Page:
Richard Meier Light is a collaboration of three partners: Richard Meier, Ana Meier and Hervé Descottes. The collection of ten sconces, pendants and lamps elevates the art of lighting with simplicity, geometry and lightness. Timeless in appearance yet forward-looking in approach, Richard Meier Light designs use premium, tactile materials like glass and Corian, and industrial craftsmanship for creatively expressive pieces. The collection, says Ana Meier, “brings the power of architecture to a smaller scale. I was moved to take recurring themes and forms in Richard’s work and translate them into sculptural objects that are interacted with everyday.” Descottes, the founder of world-renowned lighting design company L’Observatoire International, has illuminated the pieces bringing the form, positivity and artful balance to life. “Architecture has the power to inspire, to elevate the spirit, to feed both the mind and the body,” says Richard Meier. “With this collection, we have distilled this feeling into objects that touch people inside the spaces where they live, work and visit.”


London-based architect, furniture designer and artist Spencer Fung’s “The Last Wilderness” paintings and mural celebrate California’s majestic tress. “I visited the Sequoia National Forest just after a winter snow storm. I was overwhelmed by the serene beauty, the magnificence and the resilience of the forest. I painted with bold strokes in Chinese ink and soil, mixed with melting snow, to connect with the nature surrounding me. My paintings are emotional and abstract. I became fascinated by the fluorescent yellow-green wolf lichen that thrives on trunks and glaciers boulders among the giant sequoias; it is the wallpaper of the forest. Wolf lichen is strong and self-sufficient and lives for thousands of years, longer than the sequoias. I like to imagine that its vivid color has evolved as a way of survival to deter predators, and I see this lichen as a symbol of survival for us all in our turbulent times. ‘The Last Wilderness’ reveals the responsibility I feel to share the incredible raw beauty I found in the Sierra Nevada, and the vulnerability of nature to human activity.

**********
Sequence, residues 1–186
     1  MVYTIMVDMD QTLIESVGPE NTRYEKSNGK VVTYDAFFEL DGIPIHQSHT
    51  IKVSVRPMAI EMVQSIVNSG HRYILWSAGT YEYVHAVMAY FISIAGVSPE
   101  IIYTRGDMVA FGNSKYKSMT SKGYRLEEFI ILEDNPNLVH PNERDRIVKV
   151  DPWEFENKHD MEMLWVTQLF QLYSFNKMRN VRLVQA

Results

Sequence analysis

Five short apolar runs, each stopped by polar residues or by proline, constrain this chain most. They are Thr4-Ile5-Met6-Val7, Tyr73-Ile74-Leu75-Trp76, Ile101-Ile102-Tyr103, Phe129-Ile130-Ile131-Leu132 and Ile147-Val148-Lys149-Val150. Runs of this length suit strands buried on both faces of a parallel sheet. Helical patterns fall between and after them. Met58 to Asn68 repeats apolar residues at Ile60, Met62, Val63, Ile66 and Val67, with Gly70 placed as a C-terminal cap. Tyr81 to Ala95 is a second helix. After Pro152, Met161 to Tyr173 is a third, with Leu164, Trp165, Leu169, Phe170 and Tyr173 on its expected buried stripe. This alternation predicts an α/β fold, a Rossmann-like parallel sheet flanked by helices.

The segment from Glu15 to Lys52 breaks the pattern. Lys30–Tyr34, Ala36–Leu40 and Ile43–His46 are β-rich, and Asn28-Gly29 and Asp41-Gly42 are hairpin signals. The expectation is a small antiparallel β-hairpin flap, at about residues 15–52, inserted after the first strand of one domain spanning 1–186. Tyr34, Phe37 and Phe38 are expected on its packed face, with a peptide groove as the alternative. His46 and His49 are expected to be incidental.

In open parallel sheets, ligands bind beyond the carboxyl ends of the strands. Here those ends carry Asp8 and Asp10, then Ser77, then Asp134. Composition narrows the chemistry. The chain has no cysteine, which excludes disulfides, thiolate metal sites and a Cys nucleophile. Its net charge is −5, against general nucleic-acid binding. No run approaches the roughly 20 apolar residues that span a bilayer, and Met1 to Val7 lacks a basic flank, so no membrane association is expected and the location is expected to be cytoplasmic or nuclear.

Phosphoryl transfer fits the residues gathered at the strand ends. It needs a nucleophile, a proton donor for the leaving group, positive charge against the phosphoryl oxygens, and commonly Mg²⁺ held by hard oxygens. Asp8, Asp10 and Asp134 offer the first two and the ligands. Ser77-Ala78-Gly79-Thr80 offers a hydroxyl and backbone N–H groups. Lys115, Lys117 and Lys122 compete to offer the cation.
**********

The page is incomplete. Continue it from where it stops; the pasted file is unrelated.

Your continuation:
John Wigmore first debuted paper lighting sculptures at RALPH PUCCI in 2014, inspired by the minimalism of Richard Serra and Sol Lewitt. He wanted to create objects with an ethereal quality. His fascination with natural materials led to light sculptures in wood, and so it was a natural evolution that brought him to clay. “I started making bowls for myself and I wanted to see if I could push it to be a body of work,” he says. The result is Wigmore’s signature square and rectangle forms executed in clay as classic table lamps and sconces. “I was inspired by the clarity and restraint of Luis Barragan’s architecture, the sensitivity of Japanese tea bowls, and Californian ceramic artists,” says Wigmore, “which I captured using the natural materials of clay, ceramic glazes, Japanese paper and light. I have created a new vision of classic designs that resonate beyond the objects themselves, literally and figuratively.” These are all hand-built, not slip-cast, rolled out individual slabs of clay pieced together almost architecturally. “It’s a beautiful process of something natural that still has mystery to it. I am using the kiln and the glaze chemistry to be a part of the creative process, with custom glazing and firing levels; however I might envision the design, there’s the randomness of what will emerge from the kiln.”






Honolulu sculptor John Koga is known for his whimsical creations in marble and plaster and has been part of RALPH PUCCI for over a decade. Koga was immediately attracted to the new outdoor furniture designs by Patrick Naggar and Paul Mathieu, made in the RALPH PUCCI mannequin factory on 18th Street in New York. As with the mannequins, each of these plasterglass designs starts as a clay model. Koga relished the opportunity to get his hands into clay, which he hadn’t worked with since preparing for his Master’s degree, visiting the studio over several weeks to create and edit prototypes. “I love this partnership, that we were able to create in this proprietary material, with the same feel of my plaster. It’s mindboggling. When I run my hand along the shapes of the lamps, I have the muscle memory - these are how a John Koga form feels.”


Nina Seirafi is a New York based interiors and furniture designer with a distinguished international clientele and multi-disciplinary focus. Designed with a profound imagination, Nina’s concepts are lyrically inventive, not derivative. Fundamentals of balance and tailored, seamless details are integral. A sophisticated material sensibility employs natural materials with complex personalities—unpretentious, precious, and mysterious. Nina’s work engages a cultivated elegance, a refined sensitivity to architectural detail, and an inspired appreciation of art. Resembling sculpture, each initiative is defined by meticulous proportion, discipline, and clean lines.


Originally from California, David Storey has been living and working in New York since 1980. Ralph Pucci invited David Storey to be the first artist to paint a mural on the exterior walls of the Los Angeles gallery ahead of the artist’s November 2018 exhibition. David shares, “I was talking with Ralph a while ago about a project I was working on, fourteen mosaic murals for a subway station in Brooklyn, [and] almost immediately Ralph suggested that we consider a mural project for Los Angeles. And I thought that was a terrific idea. I was intrigued working with the four long rectangles. There were opportunities to connect a sequence of images that was really moving, really engaged, active.” The resulting mural is a celebration of the natural beauty and energy of Los Angeles.


Photography by Antoine Bootz